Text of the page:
It’s not about a wedding weight loss: how to start a marriage in health
Whether you’re dreaming of a wedding, prepping for a wedding, wrapping up a wedding or remembering your wedding with fondness, you’re probably familiar with traditional wedding vows, “For better or worse, for richer or poorer, in sickness and health, to love and to cherish, until we are parted by death…”
This week I celebrate my 10th wedding anniversary. I was married at the age of 21. I had the perfect mix of confidence and naivety, arrogance and hope. I knew there would be trials without having any true insight into what those trials could be. That was a blessing. From job loss and foreclosure to cross-country moves and depression, “Struggle” could have been our last name. We’ve come through these trials (mostly) unscathed, and I strongly believe it’s because one of the foundations on which we laid our marriage was health. We’ve used our health as a compass to guide major decisions — when a “dream job” led to an unshakable depression, my health was the reason I quit, even though we needed the money. When our location made outdoor workouts undesirable, it helped spur our decision to move. These are extreme examples, but they’re a picture of how we function as a couple and how together, we make sure to prioritize our health.
And truthfully, starting a marriage with physical fitness as a foundation is incredibly empowering. Not only does exercise make you feel and look better, it also reduces stress, staves of major illness, improves sex life and boosts mood. And really, who doesn’t want to be married to a hot, confident, happy, healthy sex goddess?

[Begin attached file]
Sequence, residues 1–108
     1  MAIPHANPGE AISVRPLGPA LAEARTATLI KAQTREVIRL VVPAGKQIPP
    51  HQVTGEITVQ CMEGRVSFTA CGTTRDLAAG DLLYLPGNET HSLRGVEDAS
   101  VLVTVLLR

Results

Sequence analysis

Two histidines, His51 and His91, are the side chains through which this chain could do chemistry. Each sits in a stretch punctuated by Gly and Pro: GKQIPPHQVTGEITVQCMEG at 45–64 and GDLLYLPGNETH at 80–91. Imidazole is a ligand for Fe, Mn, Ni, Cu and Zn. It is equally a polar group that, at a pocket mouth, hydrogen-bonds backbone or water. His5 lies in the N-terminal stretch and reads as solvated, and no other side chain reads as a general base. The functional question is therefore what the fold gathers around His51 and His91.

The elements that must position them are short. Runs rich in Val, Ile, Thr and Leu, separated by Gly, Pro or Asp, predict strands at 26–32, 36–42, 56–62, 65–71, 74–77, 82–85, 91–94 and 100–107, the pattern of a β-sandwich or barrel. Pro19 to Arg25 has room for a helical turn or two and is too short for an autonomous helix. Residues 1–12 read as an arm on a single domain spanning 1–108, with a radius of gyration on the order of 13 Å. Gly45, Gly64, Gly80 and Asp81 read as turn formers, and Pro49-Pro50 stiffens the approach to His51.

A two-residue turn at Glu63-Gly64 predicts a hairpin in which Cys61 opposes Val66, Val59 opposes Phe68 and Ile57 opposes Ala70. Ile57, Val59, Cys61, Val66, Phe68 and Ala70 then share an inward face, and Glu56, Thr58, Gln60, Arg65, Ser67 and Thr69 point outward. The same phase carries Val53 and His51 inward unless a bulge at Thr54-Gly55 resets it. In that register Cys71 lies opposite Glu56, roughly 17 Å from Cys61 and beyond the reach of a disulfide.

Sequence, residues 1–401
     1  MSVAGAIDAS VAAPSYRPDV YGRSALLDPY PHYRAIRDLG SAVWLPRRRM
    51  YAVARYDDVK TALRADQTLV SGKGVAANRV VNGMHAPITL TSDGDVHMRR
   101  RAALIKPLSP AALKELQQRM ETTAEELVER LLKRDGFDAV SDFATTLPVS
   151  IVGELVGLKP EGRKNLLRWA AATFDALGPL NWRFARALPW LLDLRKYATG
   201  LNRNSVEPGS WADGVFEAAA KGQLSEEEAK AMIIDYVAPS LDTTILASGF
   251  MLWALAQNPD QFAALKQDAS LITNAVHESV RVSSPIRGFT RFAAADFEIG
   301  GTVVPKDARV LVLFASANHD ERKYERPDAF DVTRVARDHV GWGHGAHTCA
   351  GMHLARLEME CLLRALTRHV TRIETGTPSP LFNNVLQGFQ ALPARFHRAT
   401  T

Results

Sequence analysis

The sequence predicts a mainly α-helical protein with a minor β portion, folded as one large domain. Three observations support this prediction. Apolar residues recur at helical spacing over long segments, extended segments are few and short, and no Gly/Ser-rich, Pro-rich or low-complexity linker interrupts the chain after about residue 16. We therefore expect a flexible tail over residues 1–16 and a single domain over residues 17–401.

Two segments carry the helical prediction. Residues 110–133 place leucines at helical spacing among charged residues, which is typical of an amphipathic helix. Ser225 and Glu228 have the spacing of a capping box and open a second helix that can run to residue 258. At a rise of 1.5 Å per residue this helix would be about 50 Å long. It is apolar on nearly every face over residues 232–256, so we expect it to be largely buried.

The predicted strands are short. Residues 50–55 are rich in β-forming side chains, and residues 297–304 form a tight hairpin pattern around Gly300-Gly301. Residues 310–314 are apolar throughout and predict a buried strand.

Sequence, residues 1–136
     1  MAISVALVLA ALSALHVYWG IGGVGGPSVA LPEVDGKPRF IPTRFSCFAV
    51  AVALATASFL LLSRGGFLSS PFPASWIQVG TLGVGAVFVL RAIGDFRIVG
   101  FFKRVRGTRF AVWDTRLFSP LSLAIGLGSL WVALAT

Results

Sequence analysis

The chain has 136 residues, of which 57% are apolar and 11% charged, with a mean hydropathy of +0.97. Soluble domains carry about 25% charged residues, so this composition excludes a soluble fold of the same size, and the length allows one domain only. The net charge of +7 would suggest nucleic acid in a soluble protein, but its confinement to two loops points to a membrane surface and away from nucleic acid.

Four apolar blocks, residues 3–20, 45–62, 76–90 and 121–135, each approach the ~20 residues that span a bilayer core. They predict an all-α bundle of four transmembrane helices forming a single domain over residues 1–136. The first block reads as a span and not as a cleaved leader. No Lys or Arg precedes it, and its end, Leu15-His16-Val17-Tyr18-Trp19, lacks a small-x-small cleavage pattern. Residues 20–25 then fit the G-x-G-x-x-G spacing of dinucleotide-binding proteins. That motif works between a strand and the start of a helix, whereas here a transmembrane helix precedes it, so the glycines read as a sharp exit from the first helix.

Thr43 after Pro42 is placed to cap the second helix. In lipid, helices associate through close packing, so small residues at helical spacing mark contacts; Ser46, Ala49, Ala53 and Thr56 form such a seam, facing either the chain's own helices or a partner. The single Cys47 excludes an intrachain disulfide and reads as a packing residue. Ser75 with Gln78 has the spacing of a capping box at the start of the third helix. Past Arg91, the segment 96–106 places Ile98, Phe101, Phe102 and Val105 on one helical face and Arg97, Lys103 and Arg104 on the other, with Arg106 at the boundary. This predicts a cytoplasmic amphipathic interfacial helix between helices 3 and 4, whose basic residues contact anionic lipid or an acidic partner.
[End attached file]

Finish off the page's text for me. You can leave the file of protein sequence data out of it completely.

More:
If there’s one thing I’ve learned in my marriage, though, it’s that I don’t have all the answers. That’s why I turned to fitness expert Jennifer Cohen (former trainer for the CW’s Shedding for the Wedding and regular contributor on shows likeExtra and Good Morning America) to get her tips on starting a marriage in health.
Girls Gone Sporty: So many women try to lose weight for the wedding, only to gain it shortly thereafter. How can brides and grooms shift the focus from wedding weight loss to starting a marriage in health?
Jennifer Cohen: When you’re approaching a wedding, it’s natural to want to look your best, but the changes you make should be more about achieving a healthy lifestyle than just about reaching a particular size by a particular date. An event like a wedding is a goal to work toward, but you need to make a plan, a progression, to keep following through after your wedding comes and goes.